I’ve been recently on a slight nostalgia bent with giant robots, and I decided to revisit a franchise I didn’t really have any interest to check out outside its designs, the 1986 comic Five Star Stories, (which is still running) illustrated and written by in/famous Mamoru Nagano. Nagano is somewhat a divisive person, mostly known for his extremely flowy and detailed mecha designs. Outside his own works, he’s known for mechanical designs for Heavy Metal G-Gaim, but his career includes fashion designing, making music, directing and writing. He tends to rub a bit wrong with some people, as a person he is strong willed to put it diplomatically, and is overprotective of his works to a fault. He has his own publishing company to make sure he has reins on Five Star Stories, called Toypress. He sounds like a person who just wants to protect his rights as an artist, but the stories from the animation and comic industry paints him an asshole at times, sometimes obsessively hands on projects to the point of detriment. Nagano’s visual style has always been heavy on the detail, and whenever he can, he won’t budge on the quality. Nagano considers that his works on L-Gaim were never incorporated properly, mostly due to his style being rather different. For something like L-Gaim this isn’t really as problem, but with a show like Mobile Suit Zeta Gundam, you need to consider the existing motifs and design language, something Nagano understood only later on. Ollie Barder has rather extensive interview with Nagano Forbes that I warmly recommend reading.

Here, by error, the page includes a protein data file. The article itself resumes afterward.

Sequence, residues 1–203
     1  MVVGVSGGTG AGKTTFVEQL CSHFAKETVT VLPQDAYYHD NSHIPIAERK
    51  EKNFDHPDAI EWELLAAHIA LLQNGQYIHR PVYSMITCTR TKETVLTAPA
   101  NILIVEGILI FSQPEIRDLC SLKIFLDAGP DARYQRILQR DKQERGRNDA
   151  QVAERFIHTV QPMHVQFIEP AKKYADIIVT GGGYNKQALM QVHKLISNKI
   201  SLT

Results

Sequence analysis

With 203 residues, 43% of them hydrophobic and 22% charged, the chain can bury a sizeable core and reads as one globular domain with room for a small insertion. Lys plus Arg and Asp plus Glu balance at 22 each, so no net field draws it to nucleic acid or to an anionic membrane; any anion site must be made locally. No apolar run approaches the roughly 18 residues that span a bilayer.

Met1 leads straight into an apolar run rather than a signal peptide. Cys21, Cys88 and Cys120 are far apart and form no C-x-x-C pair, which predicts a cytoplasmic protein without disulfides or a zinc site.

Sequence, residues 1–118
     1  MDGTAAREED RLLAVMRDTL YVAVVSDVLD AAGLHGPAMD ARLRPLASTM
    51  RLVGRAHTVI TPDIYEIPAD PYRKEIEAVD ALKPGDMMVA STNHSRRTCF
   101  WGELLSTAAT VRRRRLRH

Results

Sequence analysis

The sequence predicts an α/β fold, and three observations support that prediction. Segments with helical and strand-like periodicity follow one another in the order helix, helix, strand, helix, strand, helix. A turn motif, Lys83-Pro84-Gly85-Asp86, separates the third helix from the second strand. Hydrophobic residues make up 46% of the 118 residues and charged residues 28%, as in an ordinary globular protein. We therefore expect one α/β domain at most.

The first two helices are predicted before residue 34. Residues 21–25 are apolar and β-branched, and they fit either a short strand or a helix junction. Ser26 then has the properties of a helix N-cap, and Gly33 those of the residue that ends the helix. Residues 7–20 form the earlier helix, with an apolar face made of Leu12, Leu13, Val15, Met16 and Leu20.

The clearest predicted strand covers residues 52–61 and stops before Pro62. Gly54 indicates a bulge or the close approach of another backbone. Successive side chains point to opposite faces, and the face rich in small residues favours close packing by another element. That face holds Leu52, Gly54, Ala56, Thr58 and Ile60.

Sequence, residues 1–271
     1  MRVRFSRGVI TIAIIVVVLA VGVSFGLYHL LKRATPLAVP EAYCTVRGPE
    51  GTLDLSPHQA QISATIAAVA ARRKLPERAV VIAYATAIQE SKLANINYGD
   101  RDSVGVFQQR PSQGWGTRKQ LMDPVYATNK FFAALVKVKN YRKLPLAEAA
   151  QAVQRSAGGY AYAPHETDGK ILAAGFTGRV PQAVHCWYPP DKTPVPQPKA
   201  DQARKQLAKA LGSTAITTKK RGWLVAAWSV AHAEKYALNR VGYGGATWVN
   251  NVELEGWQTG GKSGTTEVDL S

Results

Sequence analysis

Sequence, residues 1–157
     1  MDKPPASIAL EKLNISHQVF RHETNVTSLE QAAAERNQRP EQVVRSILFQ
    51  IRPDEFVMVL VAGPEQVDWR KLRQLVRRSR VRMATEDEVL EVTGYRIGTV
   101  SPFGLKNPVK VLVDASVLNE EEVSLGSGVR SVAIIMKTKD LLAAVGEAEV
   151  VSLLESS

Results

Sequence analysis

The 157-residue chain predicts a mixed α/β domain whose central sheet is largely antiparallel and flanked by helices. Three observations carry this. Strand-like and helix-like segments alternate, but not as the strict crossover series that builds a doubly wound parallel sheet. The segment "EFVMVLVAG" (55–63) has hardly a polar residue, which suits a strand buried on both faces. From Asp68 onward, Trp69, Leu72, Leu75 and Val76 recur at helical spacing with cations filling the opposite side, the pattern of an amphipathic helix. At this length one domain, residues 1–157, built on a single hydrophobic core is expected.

Guess what time it is?
My nostalgia of course lead me to return to Nagano’s Gothicmade, an animated film he started making at least since 2006, perhaps even earlier. When it was announced, people were rather hype about it, as Nagano’s style and designs are still considered some of the best in the mecha genre. People were very eager to see what his new project would be like, with it taking to come out so long, when projects get stretched beyond their initial goals, people tend to find other things to occupy their attention. The movie finally debuted in 2012 in theatres, and has been rerun every now and then for limited time. As the first Japanese animated movie in 4K with D-Cinema 5.1, Nagano has stated that this movie won’t be leaving the theatres, because that is the only way he considers the proper form to experience his movie. As it happens with me, a lot of this kinda slipped out of memory, as things tend to do when you’re revisiting something you were hyping up over a decade ago.